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American Indian Studies

The aim of the Princeton American Indian Studies Working Group, organized by Josh Garrett-Davis (History) and  Rebecca Rosen (English), is to be a hub for students and faculty interested in the multidisciplinary field of Native American and Indigenous Studies.

Spring 2016

Native Testimony

May 6-7, 2016
105 Bobst Center

Friday, 4:30 - 7:00
Saturday, 9:30 - 6:30

The second graduate conference of the Princeton American Indian Studies Working Group will feature work on Native American and Indigenous Studies topics by graduate students, as well as remarks from faculty commentators. Keynote speaker will be Christine DeLucia, Assistant Professor of History at Mt. Holyoke College

See poster


4:30 pm Tue, Apr 12, 2016 
Dickinson Hall 211

Most Americans in the Progressive Era believed that Indians were incompatible with cities. But Native people were joining the flood of people moving to urban areas for job opportunities and in response to federal polices. Washington, D.C., the capital city from which federal Indian policy was helmed, became home to a vibrant Indigenous community. This paper traces the networks, maps, and strategies used by that community, especially Native women, to navigate the city and carve out Indigenous spaces for themselves. 


Reimagining History with a Photograph:
Alexander Gardner at Fort Laramie, 1868

Martha A. Sandweiss
Professor of History, Princeton University

Wednesday, March 2, 2016
4:30 – 6:00 pm
McCormick 106


Tuesday, March 22, 2016

103 Chancellor Green
12:30 PM-1:20 PM

Lunch will be served
rsvp to

Conversation with Brian Herrera

"As a Native Daughter of California…”:
Parsing Virginia Calhoun’s Claim on Ramona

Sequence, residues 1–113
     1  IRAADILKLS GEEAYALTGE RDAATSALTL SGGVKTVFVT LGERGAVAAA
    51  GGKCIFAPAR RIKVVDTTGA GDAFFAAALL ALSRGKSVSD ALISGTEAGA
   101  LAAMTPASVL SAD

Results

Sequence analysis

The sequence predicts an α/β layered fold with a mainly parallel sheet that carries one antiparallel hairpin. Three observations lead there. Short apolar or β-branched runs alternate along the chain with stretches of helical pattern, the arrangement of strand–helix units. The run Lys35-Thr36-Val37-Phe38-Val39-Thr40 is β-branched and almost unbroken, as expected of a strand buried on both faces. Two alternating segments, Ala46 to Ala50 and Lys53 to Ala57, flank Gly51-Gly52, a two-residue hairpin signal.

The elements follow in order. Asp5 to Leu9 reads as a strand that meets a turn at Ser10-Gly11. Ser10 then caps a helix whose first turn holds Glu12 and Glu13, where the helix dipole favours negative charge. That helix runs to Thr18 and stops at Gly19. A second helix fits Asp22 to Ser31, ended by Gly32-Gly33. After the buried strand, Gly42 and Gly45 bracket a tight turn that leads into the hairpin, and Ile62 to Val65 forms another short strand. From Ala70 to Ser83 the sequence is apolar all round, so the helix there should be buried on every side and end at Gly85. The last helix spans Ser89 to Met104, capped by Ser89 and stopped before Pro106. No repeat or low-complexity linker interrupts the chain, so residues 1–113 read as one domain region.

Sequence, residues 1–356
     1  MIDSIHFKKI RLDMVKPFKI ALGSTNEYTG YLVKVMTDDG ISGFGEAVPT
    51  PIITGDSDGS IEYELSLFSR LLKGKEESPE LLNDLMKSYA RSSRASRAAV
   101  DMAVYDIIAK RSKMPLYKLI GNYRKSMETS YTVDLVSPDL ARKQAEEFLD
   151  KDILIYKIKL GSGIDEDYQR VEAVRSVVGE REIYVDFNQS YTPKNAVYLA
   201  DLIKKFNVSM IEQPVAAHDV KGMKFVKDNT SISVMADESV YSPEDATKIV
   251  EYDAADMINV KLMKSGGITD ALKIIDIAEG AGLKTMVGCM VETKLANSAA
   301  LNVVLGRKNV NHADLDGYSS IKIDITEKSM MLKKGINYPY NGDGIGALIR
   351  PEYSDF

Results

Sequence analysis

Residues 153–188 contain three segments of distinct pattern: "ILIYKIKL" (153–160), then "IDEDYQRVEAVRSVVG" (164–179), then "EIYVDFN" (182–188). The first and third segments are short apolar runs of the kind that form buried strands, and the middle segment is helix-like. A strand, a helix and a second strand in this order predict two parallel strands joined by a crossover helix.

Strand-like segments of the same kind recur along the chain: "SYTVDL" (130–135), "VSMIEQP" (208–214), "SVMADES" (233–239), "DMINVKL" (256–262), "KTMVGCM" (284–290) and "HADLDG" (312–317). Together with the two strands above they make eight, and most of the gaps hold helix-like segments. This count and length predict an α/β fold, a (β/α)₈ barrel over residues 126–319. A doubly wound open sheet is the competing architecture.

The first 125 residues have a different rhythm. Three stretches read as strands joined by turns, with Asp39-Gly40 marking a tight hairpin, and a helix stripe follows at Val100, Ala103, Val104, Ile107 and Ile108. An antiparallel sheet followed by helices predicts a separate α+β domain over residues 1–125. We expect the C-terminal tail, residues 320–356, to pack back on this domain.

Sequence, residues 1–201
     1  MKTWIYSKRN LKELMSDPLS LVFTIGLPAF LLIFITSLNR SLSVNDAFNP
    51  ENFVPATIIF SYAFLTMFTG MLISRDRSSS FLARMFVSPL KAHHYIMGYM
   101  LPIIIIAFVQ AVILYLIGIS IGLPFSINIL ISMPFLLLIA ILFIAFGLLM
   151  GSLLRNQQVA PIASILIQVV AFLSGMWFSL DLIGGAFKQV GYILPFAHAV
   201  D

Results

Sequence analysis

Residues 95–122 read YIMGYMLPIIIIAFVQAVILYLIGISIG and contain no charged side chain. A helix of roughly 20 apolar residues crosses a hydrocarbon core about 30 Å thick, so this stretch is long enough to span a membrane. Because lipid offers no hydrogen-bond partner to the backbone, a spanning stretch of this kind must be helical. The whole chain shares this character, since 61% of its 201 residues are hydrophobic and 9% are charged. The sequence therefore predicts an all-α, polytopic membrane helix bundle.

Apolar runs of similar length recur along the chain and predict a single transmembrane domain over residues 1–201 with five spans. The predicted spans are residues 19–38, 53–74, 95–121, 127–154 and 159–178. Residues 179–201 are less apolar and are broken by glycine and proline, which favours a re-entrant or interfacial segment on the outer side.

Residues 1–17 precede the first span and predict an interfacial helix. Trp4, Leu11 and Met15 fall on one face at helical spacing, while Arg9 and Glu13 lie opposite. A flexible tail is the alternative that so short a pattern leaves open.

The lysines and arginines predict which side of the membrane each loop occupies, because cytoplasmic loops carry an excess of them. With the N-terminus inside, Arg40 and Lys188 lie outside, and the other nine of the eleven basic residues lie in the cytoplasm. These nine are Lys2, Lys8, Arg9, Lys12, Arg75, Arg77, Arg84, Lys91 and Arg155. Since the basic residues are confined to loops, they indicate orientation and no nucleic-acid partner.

Fall 2015

Comparative Literature and the Princeton American Indian Studies Working Group sponsored a reading group with Natalie Diaz at 4:30 in East Pyne 127. They discussed Diaz's collection of poems, "When My Brother was an Aztec."

Diaz gave a lecture on "Beauty and the Sacred" sponsored by the Lewis Center for the Arts, Comparative Literature and the Princeton American Indian Studies Working Group. The lecture was at 4:30 in McCosh 60.

Spring 2014

Tiya Miles in Conversation wtih Martha Sandweiss

Thursday, March 6
4:30 pm
Robertson Hall, Woodrow Wilson School, Bowl 001


Martha Sandweiss and Tiya Miles

Fall 2013


American Indian Studies Working Group Conference
Translation in American Indian Studies

Saturday, November 23, 2013
Bobst Center

Keynote speaker will be Phillip Round
University of Iowa, Department of English


The Princeton American Indian Studies Working Group & the Modern America Workshop present:
Andrew Graybill
Associate Professor of History
Director, William P. Clements Center for Southwest Studies
Southern Methodist University
The Red and the White:
A Family Saga of the American West
A history centered around the mixed-race Clarke family in Montana (Piegan and white), and the causes and legacies of the 1870 Marias Massacre.
Monday, November 25
4:30 p.m.
Dickinson 211

Spring 2013

Princeton American Indian Studies Working Group

Daniel Richter
McNeil Center for Early American Studies

February 13, 2013
4:30 PM
211 Dickinson Hall